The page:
Mary Washington, Baltimore's representative of 43rd district in the House of Delegates, became the most recent recipient of The David Bohnett LGBT Leadership Fellows Program to attend the Senior Executives in State and Local Government Residential Program at Harvard University. The Bohnett Fellowship funds its fellows to attend Harvard Kennedy’s three-week intensive program. (See David Bohnnett Foundation: Grants for LGBT).
operates as an interactive classroom, where faculty and participants work together on real-life case studies and learn from each other. One of the most frequently cited problems of public officials is how to create and engage in public discourse about difficult subjects. Participants will be in an environment where the classroom serves as a forum for raising difficult issues and practicing the skill of creating and maintaining a conversation that leads to change. (Read Bohnett Foundation executive director, Michael Fleming's IP profile).
Harvard holds two sessions annually. The first in June; the second is in July.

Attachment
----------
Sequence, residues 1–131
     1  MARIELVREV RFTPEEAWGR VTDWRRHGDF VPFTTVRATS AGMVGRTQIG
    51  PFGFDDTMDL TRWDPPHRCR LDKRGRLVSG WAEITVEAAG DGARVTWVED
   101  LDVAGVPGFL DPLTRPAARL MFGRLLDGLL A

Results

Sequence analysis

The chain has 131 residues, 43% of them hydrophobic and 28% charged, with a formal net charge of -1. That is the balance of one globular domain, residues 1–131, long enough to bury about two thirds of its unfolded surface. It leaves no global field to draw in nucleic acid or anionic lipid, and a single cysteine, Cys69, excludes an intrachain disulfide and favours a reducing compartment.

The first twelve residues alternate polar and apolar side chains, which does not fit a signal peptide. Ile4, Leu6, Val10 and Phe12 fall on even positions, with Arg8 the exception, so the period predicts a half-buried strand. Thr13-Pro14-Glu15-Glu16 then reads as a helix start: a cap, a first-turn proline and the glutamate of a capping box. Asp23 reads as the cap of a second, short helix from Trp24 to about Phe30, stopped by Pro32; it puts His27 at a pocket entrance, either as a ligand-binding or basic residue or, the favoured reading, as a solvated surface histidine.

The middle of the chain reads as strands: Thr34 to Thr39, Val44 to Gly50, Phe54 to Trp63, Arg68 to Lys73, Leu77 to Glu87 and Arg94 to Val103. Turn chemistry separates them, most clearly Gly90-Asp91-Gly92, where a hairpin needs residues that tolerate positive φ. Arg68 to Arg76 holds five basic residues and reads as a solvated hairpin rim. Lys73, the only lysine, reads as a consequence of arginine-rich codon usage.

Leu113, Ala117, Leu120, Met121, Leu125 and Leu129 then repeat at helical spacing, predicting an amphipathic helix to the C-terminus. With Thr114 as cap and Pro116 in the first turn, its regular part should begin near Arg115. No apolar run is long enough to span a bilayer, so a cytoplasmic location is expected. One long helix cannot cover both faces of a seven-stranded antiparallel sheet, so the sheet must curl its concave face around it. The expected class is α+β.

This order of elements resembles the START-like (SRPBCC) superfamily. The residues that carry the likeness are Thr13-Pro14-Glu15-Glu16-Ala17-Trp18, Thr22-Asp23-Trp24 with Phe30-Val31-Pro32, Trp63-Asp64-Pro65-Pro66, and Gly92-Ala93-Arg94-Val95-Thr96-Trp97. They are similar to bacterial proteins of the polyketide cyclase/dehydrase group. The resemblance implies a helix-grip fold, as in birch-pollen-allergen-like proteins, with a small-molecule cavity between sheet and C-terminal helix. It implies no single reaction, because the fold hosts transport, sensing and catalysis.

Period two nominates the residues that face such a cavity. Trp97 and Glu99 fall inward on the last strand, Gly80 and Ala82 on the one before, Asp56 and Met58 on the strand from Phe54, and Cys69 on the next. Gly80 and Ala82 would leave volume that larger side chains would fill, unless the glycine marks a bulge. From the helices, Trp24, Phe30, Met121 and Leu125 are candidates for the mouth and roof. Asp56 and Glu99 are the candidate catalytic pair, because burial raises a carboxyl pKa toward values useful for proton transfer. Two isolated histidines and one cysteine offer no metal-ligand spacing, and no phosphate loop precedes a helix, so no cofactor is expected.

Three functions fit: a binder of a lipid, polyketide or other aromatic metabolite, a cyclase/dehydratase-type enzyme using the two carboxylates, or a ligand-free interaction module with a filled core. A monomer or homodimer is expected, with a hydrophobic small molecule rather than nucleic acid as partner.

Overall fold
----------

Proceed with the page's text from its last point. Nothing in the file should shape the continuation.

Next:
Now in its tenth year, more than 100 people have attended Harvard's three-week program through the fellowship. Many of program's attendees work on crucial issues "involving marriage and family equality and workplace protections for gays and lesbians," Washington told Baltimore Outloud in an interview.
Sounds great. So, who should apply to this thing?
In the Institute's perspective, "the strongest candidates are typically mid-career." Fellows who get the most from the program, they find, are those with upward of 15 years of professional experience. They discourage those with less than 10 from applying.
Candidates must also demonstrate "leadership and potential for further growth and development." While the overwhelming majority of fellowship winners have either been political officeholders, or otherwise employed by the government, they encourage folks who work in the nonprofit sector to apply as well.
Applicants must gain first acceptance at Harvard University's Kennedy School of Government. From there, in order to receive the Fellowship, a board composed of program alumni, Institute staff, and representatives of their s most stalwart supporters like Bohnett award the money and access to this program in particular.
The Institute received $800,000 of continued support from The Bohnett Foundation for this fellowship in July. As a single admission runs about $11,500 soup-to-nuts, according to their website, it seems likely that the program will continue to flourish for some time.